When someone is injured on the job, or “during the course and scope of his employment,” the accident falls under Workers’ Compensation laws. One does not file a lawsuit against his employer, but rather, he merely makes a workers’ compensation claim.

The general rule is that you cannot “sue” your employer. In other words, when you are injured during the job, you file a claim, not a lawsuit. You are entitled to certain benefits, such as lost wages, medical treatment and temporary disability.  When you are done with treatment and are ready to return to the workforce, or if you are not able to because of the injury, you receive an “award.”
But what happens if you are injured during your work by an outside, third party?  In this case, the law DOES permit you to have two claims.  That is, a workers’ comp claim, AND a third party claim against the party who caused the accident/injuries.  I handle these third party cases often.

To someone who has never filed a workers’ compensation claim, or has even been in an accident before, I explain it using this example:
Suppose you work for Fed Ex. You go to work each day, load up your truck, and make your deliveries. One day while loading your truck, you fall of the dock and break your leg. In this instance you have a true workers’ compensation case. You would then file a claim, and you would receive certain benefits.

Now suppose you are that same worker loads the truck and is out making deliveries, when a drunk driver runs a red light and T bones you?

You now have a workers’ compensation claim (because it happened while working), but you also have a claim against the drunk driver. This is referred to as a third party claim.

For the most part, the third party rides the coattails of the workers’ compensation case. The injured party is treated by workers’ compensation doctors, compensated for lost wages, offered temporary disability benefits, and at the end of treatment, typically receives an award or settlement.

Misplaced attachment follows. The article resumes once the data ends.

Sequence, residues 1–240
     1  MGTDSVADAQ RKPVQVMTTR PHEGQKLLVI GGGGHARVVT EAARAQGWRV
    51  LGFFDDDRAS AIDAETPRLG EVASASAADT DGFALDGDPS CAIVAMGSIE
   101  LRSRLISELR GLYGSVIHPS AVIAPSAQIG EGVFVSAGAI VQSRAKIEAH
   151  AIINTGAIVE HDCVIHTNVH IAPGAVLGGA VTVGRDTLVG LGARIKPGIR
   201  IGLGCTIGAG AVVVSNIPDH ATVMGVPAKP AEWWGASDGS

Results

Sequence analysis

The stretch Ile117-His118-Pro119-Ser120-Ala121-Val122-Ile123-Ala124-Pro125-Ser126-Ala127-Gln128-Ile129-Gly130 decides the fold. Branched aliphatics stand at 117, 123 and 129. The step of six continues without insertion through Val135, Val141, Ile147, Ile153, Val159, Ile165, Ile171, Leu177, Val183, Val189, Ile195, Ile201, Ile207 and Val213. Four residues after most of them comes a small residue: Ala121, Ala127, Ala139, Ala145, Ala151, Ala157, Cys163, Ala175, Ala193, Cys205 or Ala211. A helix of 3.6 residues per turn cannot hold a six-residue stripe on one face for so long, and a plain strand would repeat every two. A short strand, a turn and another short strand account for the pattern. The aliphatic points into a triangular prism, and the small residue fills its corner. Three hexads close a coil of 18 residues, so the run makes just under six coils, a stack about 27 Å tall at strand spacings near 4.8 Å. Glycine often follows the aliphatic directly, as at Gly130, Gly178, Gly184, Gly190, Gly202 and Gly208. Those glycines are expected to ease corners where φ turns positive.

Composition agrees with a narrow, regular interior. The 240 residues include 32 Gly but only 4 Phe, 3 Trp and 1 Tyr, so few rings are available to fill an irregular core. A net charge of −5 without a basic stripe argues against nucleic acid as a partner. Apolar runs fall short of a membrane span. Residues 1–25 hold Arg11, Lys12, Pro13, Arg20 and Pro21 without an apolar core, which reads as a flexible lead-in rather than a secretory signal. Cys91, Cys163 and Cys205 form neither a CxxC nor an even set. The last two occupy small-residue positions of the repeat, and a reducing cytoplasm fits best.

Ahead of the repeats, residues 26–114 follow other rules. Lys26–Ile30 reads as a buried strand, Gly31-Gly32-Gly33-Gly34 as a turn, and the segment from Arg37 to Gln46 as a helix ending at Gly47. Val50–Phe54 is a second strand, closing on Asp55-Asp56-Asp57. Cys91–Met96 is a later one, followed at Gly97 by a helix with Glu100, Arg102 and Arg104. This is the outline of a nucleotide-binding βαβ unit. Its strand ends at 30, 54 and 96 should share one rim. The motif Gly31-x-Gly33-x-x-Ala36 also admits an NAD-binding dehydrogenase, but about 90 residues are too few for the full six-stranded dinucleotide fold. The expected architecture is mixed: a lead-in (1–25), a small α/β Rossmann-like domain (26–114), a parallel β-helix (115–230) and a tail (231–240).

At the same time, a claim is made against the third party driver’s carrier. The third party case could also settle, or it could have to be tried. In the event that we are able to secure a settlement, or favorable award at trial, that amount could be (and in many cases is) subject to a workers’ compensation lien. This means that the employer who paid for the treatment, lost wages and disability, is entitled to recoup a majority of what is paid to its employee, from the third party.
To some, this does not seem fair. And I agree.

The conventional argument goes something like this:  I work for a company for 20 years, paying into their workers’ compensation fund. I get into one accident, and they want to take my third party settlement from me?

For the third party lawyer, their argument is:  I’m basically acting like a collection lawyer for the employer.

The employer’s carrier’s argument is equally compelling:  We paid X amount for the worker’s medical bills, temporary disability, wages, and award.  Why should we be penalized for a third party’s negligence?

Many times we are able to negotiate the lien with the workers’ compensation carrier, but sometimes we are not. No matter what the case may be, the first thing you should do is educate yourself on your rights. Be sure to know what you are entitled to and who you need to report to. Additionally, should you be injured in an accident and need assistance, please feel free to contact us. We would be happy to meet with you, free of charge, to review your case and assist you in obtaining any compensation you are entitled to.